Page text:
This edition of Farm Week in Pictures takes us into June already! Planting has been done for over a week now so we are tending to the growing crop. We sold and delivered some of last year’s crop this week and spent some time between rains fertilizing corn. The weekend was a wet one so I’m not sure how soon we’ll get back to the rest of the corn and popcorn, but it’s going to be hungry for Nitrogen!
Start Your Engines!We started the week by taking in the Indy 500! This was my first time at the race. I live in Indiana so I’d better go at least once right? It was really a great race to see in person with a record smashing 68 lead changes combined with a record pace. Tony Kanaan got his first 500 victory.
Before the race a group of runners who weren’t able to complete the 2013 Boston Marathon due to the terrible bombing that took place were able to have a symbolic finish by crossing the yard of bricks at the famed Indianapolis Motor Speedway.
These weeds may be small, but they are numerous. They’ll need to be dealt with soon as they’ll be wanting the same water, nutrients, and sunlight the corn crop is after. We call these either velvet leaf or button weeds.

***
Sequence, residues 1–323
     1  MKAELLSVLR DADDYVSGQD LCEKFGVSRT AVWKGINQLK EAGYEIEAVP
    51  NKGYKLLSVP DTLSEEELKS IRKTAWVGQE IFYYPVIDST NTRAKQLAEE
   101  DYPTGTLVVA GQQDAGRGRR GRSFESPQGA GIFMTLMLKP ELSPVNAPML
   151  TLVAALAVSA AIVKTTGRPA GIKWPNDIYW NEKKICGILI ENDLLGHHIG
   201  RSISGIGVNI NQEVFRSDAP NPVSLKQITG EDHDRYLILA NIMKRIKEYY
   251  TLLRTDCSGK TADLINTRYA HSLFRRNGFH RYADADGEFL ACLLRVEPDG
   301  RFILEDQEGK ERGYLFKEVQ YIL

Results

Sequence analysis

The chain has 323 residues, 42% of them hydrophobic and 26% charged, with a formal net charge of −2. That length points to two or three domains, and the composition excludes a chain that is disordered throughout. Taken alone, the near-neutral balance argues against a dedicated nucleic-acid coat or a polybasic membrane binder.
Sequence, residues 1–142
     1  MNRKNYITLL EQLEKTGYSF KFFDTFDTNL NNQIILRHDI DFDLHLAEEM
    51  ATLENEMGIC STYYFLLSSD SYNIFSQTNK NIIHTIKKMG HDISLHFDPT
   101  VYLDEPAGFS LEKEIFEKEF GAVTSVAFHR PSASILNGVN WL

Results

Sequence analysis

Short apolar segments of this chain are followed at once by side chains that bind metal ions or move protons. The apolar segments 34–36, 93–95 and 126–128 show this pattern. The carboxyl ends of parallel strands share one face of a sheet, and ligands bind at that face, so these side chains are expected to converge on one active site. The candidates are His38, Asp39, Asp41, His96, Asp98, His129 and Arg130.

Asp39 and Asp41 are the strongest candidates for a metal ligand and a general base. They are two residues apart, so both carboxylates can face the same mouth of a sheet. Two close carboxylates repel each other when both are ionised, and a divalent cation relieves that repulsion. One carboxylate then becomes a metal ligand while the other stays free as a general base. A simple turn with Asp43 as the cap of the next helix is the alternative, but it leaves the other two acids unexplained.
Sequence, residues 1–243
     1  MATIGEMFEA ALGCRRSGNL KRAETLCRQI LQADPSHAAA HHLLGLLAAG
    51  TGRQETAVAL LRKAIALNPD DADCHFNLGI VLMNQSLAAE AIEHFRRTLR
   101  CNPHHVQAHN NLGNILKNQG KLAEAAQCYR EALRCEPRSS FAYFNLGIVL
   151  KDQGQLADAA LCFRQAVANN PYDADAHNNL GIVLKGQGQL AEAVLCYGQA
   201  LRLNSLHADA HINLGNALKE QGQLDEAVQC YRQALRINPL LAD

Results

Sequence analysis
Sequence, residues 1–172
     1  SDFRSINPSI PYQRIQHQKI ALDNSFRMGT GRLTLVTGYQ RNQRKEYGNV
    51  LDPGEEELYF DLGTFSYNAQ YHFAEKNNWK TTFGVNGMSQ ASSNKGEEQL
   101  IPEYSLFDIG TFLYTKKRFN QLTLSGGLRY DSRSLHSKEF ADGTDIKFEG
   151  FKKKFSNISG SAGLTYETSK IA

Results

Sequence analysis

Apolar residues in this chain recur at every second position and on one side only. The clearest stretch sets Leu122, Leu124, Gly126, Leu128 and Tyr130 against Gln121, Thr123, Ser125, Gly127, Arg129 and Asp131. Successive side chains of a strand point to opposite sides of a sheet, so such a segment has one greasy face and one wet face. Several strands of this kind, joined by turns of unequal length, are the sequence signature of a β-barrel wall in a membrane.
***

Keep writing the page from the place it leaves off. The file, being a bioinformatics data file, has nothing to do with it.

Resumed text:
This tool injects nitrogen fertilizer (anhydrous ammonia) into the soil. Splitting our application of N pre and post plant means we are coming back to feed the corn when it needs this macronutrient the most. This practice should also help mitigate the risk of nitrates leaching into the groundwater if wet conditions prevail which they definitely have this spring. Fall and pre-plant applications are applied with N-Serve which inhibits the possibility of leaching. Manure applications can use a similar product called Instinct. Later spring applications like we are doing now do not need the added inhibitor because the plants are ready to use the N in a relatively short amount of time.
Coming Along NicelySome of our corn looking really good!
Double Up Times Two!
Dad and I have both been running applicators this week. The applicators come from the fertilizer dealer. This is our first time pulling these tandem tanks and they work very well. We can cover more acres with each wagon and damage less corn by needing to hook up less wagons. Over the course of a day these doubles keep the applicators running a fair amount longer than a single tank. As you can see all the equipment is designed to stay off the corn rows until you have to turn around. At this growth stage the growing point of the plants is low enough to the ground or possibly below ground. That means almost all the plants we do run over will come right back in short time. As corn plants get taller the growing points will be at risk from high winds and hail storms.